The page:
A big part of planning for retirement is getting a handle on medical expenses. And a major part of that is knowing what Medicare can or cannot do for you — physically and financially.
You’ll automatically be enrolled in Medicare if you already collect Social Security or receive benefits from the Railroad Retirement Board when you turn 65, or if you’ve been collecting disability for more than two years. If you’re working and not collecting government pension benefits, you need to sign up three months before your 65th birthday.
First of all, understand clearly that Medicare is not free health care. You’ll have to pay deductibles and co-payments out-of-pocket, and certain services aren’t covered at all.
What you’ll ultimately pay will depend on the type of Medicare plan you choose: whether you’ll have additional health insurance coverage from a former employer; whether you purchase so-called “supplemental coverage”; and how often you make use of the medical services your doctor or hospital offer.
Listing here everything that Medicare covers and doesn’t cover would take volumes. But following is a brief overview to provide a basic understanding. For more details, visit the Medicare Web site and download the ‘Medicare & You 2008’ handbook
The original plan helps pay for many medical services and supplies provided in hospitals, doctors’ offices and other health care settings. Part A focuses on hospital insurance, while Part B is the program’s medical insurance component. All U.S. citizens and legal residents of the United States who have paid Medicare payroll taxes for 10 years or more are eligible for both Part A and Part B coverage upon reaching age 65.
Part A helps with the cost of inpatient care in hospitals (including inpatient rehabilitation facilities), inpatient stays in a skilled nursing facility (but not custodial or long-term care), inpatient mental health care in a psychiatric hospital (limited to 190 days in a lifetime), as well as hospice care services and home health care services. Medicare Part A will completely cover some of the costs associated with these services and procedures. Others will require out-of-pocket co-payments or the satisfaction of annual deductibles.
Part B helps pay for so-called “medically necessary” services such as doctors’ services, outpatient care and some preventive care services. For a list of covered expenses, see pages 18-25 of the Medicare handbook.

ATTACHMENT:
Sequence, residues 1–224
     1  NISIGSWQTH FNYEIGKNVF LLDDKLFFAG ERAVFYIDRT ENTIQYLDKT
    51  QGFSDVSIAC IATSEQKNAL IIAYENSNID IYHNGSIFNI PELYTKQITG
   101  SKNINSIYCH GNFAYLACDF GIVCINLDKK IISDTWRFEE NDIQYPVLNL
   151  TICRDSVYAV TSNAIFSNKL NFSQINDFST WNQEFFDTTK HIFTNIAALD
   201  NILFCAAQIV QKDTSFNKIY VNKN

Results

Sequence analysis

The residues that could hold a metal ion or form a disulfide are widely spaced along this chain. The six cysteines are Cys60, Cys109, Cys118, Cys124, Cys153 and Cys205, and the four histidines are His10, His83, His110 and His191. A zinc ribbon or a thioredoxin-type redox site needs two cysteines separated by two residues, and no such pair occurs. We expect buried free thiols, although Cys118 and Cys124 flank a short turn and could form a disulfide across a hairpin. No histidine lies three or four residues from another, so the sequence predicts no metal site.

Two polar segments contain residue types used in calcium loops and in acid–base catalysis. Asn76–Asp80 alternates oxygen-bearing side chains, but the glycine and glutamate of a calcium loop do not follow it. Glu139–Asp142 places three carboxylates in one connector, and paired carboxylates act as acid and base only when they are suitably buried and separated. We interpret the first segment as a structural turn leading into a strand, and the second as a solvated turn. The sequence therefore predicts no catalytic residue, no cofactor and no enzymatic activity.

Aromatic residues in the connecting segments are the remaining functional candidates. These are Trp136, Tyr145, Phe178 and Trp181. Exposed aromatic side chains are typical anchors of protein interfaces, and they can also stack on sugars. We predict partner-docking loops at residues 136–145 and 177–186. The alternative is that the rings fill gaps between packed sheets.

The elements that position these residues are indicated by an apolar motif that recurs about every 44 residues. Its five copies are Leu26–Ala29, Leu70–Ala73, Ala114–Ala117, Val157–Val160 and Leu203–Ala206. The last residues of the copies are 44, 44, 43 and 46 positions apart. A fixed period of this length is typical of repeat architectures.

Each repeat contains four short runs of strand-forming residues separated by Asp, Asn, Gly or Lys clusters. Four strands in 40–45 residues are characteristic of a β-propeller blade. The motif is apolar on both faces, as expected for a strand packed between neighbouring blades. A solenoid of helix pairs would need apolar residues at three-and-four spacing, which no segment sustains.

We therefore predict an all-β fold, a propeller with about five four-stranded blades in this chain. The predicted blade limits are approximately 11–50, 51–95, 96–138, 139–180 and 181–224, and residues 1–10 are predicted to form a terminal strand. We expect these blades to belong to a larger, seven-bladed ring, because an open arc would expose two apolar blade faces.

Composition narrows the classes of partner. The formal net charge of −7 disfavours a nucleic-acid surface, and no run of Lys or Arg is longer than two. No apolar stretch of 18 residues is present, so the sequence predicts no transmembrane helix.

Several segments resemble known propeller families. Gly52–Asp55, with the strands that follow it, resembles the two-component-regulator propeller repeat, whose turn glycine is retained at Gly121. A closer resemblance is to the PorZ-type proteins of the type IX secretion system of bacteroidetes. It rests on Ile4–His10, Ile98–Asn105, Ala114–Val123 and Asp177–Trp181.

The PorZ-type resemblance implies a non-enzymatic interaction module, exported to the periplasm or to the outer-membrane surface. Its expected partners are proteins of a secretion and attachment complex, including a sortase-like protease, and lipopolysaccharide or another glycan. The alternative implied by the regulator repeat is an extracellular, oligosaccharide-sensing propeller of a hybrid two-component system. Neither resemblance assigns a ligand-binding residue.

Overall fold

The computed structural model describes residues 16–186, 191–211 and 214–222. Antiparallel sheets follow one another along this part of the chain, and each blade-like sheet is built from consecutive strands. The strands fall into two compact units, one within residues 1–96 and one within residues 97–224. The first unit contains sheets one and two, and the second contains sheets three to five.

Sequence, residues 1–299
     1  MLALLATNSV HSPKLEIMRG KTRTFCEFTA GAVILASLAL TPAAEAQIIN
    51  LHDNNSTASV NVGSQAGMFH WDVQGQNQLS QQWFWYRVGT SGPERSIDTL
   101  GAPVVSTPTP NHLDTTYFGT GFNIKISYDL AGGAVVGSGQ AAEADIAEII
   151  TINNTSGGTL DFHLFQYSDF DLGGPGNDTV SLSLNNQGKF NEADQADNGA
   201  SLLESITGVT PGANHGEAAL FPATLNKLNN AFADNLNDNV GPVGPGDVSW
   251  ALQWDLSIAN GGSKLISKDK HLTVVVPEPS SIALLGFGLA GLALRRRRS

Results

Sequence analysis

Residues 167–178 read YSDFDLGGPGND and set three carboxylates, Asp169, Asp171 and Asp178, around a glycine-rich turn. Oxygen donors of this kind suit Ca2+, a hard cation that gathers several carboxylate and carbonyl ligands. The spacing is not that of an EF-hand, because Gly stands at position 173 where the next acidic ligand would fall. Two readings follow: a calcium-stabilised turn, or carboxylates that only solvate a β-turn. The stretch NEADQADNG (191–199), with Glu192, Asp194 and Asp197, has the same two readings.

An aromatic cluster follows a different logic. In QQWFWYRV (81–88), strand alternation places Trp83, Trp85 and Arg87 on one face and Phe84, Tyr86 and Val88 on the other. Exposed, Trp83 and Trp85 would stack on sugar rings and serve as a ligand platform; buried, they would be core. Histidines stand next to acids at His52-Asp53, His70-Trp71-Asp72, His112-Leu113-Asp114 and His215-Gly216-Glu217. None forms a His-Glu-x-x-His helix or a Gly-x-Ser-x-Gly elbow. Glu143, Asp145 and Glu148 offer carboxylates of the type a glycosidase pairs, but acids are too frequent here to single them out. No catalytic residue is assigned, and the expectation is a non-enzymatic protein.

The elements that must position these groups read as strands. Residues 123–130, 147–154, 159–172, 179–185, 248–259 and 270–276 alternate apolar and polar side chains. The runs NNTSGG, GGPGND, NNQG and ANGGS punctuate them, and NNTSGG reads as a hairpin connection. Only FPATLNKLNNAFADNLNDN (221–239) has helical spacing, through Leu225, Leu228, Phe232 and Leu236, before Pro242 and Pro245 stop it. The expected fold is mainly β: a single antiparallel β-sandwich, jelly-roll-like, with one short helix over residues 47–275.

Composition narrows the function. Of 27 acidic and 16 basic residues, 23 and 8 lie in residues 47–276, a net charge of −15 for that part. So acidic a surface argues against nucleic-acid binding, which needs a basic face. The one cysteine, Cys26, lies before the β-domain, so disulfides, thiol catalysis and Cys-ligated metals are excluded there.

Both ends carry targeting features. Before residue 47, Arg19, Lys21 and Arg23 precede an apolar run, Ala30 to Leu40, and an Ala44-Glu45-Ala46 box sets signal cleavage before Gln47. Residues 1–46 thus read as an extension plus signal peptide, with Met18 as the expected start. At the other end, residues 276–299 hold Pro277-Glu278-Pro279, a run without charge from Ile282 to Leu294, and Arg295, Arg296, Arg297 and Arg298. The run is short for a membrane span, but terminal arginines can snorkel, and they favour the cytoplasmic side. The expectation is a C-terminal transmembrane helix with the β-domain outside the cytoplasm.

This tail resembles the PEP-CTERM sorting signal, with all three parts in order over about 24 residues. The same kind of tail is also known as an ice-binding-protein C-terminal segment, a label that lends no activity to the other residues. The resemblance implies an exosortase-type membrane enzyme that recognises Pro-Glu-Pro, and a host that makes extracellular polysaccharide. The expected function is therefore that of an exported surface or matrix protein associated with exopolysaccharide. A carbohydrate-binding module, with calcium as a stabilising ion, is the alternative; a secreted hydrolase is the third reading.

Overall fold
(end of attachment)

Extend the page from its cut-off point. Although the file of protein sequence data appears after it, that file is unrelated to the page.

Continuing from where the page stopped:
As with Part A, Part B has its own separate annual deductible — $135 for 2008 — as well as its own co-payment and co-insurance costs. Generally speaking, Medicare will pay about 80 percent of the expenses for Part B-covered services and supplies.
“Medicare is comprehensive, it’s guaranteed. But it doesn’t cover all of your costs,” says Paul Precht, director for policy and communications at the Medicare Rights Center.
“You need to be aware of the fact that you will spend money out-of-pocket either for the cost sharing under Medicare or for the cost of supplemental insurance if you don’t have that through an employer or if your income isn’t low enough to qualify for additional assistance through Medicaid. And it’s important to remember that Medicare doesn’t have any annual out-of-pocket limits.”
You usually don’t pay a monthly premium for Part A coverage if you (or your spouse) paid Medicare taxes while working at least 40 calendar quarters. But if you aren’t eligible, you may be able to buy Part A coverage if you meet other conditions.
Those enrolled in Part B have to pay a monthly Part B premium and an annual Part B deductible. Most plan participants will pay the standard monthly premium amount, which is $96.40 in 2008. The monthly premium will be higher for people who earn above certain income thresholds ($82,000 for singles; $164,000 for married folks filing jointly). Financial hardship cases can get this premium covered with governmental help. This premium is deducted from your monthly Social Security payment.
Formerly known as Medicare+Choice, Medicare Advantage plans are alternatives to the original Medicare plan and are not the same thing as “supplemental insurance” (more about this later). Sometimes called Part C or “MA plans,” these plans are run by private companies but are part of the Medicare program.
Basically, Medicare pays an amount of money for your health care into these private Medicare Advantage plans every month. In return, these plans must provide all of your Part A and Part B benefits, and they must cover at least all of the medically necessary services that the original Medicare plan provides.
MA plans can charge different co-payments, co-insurance and deductibles for their services and generally have set provider networks. This means you likely will be limited to seeing only doctors who belong to the plan, going to certain hospitals for covered services and getting referrals to see specialists. If you use providers who aren’t in the network, you may have to pay the entire cost of the services rendered. However, MA plans can offer extra benefits, such as vision, hearing, dental and health and wellness programs. Most include Medicare prescription drug coverage (usually for an extra cost).
Retirees can choose from five different types of Medicare Advantage plans. Most function like HMOs with specific networks of doctors. Other plans, such as Private Fee-for-Service plans, known as PFFS, allow you to go to any doctor if the doctor agrees to accept the plan’s terms of payment before treating you. Medicare Special Needs plans, or SNPs, serve certain people who are chronically ill, live in institutions such as nursing homes or have other special needs. (The different benefits the various types of Medicare Advantage plans offer are outlined on pages 42-44 of the “Medicare & You 2008” handbook.)